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Before our kids could read at the level they can now, I read the cards to them and explained the math. They put on the damage counters, or removed them (some abilities heal). Every aspect of the game gives you the opportunity to count but in small amounts that are great for little thinkers. You need a certain amount of energy to use abilities, and those abilities do a certain amount of damage, and each Pokemon has a certain amount of HP.

Putting it together

So let’s recap:

  • Find some Pokemon cards, either at a yard sale, in your basement if you’ve kept them, or pick up an Elite Trainer Box for maximum value. I do not recommend buying packs. You can check Facebook marketplace – there are often people on there selling repacks with everything you’d need to play and for relatively cheap. Players are always looking for ways to offload their extras.
  • Let your children pick their favorite Pokemon and build a deck. If they’re under 7, I recommend just using “basic” Pokemon and energy in your decks. Trainers and evolutions make the game more dynamic and fun, but this is about teaching math and game basics first. Add the cool stuff later.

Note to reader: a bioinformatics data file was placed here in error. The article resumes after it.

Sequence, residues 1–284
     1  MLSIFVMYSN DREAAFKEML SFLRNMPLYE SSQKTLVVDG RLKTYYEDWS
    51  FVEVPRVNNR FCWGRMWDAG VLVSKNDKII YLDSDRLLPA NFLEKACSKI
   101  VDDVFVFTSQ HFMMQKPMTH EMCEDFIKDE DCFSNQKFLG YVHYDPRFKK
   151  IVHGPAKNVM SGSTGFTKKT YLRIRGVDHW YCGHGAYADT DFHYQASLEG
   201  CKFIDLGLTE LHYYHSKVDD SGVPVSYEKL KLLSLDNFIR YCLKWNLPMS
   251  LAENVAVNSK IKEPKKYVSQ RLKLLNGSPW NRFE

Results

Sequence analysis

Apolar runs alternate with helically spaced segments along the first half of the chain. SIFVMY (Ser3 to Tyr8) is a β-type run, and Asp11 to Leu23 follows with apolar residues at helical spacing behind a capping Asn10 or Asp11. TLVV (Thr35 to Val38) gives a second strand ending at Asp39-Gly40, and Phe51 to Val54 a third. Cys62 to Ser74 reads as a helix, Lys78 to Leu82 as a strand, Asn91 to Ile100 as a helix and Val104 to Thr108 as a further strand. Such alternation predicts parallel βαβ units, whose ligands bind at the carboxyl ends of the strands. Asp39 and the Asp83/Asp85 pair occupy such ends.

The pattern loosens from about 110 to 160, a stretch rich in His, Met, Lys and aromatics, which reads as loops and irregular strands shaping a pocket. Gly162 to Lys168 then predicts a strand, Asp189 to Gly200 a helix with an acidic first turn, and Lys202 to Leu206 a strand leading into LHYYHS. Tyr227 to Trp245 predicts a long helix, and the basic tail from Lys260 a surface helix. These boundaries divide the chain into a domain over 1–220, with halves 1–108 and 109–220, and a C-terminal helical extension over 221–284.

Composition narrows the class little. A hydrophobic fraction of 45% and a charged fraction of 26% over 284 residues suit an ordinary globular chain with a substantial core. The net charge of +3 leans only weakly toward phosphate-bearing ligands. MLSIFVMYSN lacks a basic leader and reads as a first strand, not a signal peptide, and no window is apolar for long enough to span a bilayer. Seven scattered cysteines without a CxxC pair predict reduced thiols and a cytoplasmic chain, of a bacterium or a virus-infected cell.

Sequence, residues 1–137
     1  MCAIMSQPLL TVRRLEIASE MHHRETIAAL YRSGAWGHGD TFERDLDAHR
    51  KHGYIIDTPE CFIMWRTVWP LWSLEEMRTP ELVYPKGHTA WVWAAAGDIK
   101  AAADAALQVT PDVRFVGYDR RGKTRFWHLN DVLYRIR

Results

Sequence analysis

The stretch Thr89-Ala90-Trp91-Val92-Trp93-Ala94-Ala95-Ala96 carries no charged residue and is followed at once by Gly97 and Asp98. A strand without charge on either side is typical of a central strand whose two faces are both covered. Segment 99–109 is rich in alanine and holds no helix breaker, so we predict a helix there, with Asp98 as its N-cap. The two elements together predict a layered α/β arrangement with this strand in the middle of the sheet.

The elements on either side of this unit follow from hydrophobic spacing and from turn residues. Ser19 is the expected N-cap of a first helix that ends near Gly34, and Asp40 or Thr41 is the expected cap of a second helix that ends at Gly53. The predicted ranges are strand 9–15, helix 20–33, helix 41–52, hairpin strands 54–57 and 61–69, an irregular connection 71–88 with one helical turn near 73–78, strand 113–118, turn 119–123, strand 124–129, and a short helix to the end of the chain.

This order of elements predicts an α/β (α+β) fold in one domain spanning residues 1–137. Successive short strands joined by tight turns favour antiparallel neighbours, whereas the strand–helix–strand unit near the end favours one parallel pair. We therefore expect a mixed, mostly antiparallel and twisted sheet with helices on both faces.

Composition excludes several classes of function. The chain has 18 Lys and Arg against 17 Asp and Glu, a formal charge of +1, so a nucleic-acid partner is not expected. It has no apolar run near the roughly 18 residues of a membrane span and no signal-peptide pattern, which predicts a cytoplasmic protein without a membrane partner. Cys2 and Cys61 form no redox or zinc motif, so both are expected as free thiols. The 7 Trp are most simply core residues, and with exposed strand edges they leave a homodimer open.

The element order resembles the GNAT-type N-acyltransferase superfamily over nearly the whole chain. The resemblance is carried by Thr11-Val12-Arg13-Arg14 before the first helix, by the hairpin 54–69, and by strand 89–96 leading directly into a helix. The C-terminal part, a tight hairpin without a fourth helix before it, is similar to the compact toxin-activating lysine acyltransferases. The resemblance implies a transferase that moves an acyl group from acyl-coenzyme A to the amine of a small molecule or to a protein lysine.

• Decks should be 30 cards (the real minimum is 60 but that’s excessive for what we’re doing). Also gather up some counters for damage.
  • Start the game with 5 cards, and set aside your three prize cards. Also put a starting Pokemon from your hand out front, and the rest on the bench behind it.
  • The youngest person goes first! No cheating, mom and dad.
  • Start your turn by drawing a card, playing Energy on one Pokemon and if you can do a move, do it.
  • Let them count out the damage and place the counters. If their mathematic understanding is more advanced, you can have them compare the damage on the Pokemon to their HP, and state the difference to determine if the Pokemon is knocked out.
  • The winner is determined by whoever draws their three prize cards first. Prize cards are drawn by knocking out your opponent’s Pokemon. The drawn prize cards go into your hand.

This is a very simple overview of the game, but it’s enough to engage little minds and get them thinking about math. Then, as your kids get older, it can be something they want to keep playing. Card games are often laughed off by parents as money-sinks, but they really are valuable for teaching reading, math, and advanced concepts. The complex interactions teach strategy and innovation, and it’s a great way for kids to socialize.

Do you have any unique and fun ways you’ve been teaching your kids math or reading? I’d love to hear about them in the comments below! Or, perhaps a better question – who’s your favorite Pokemon?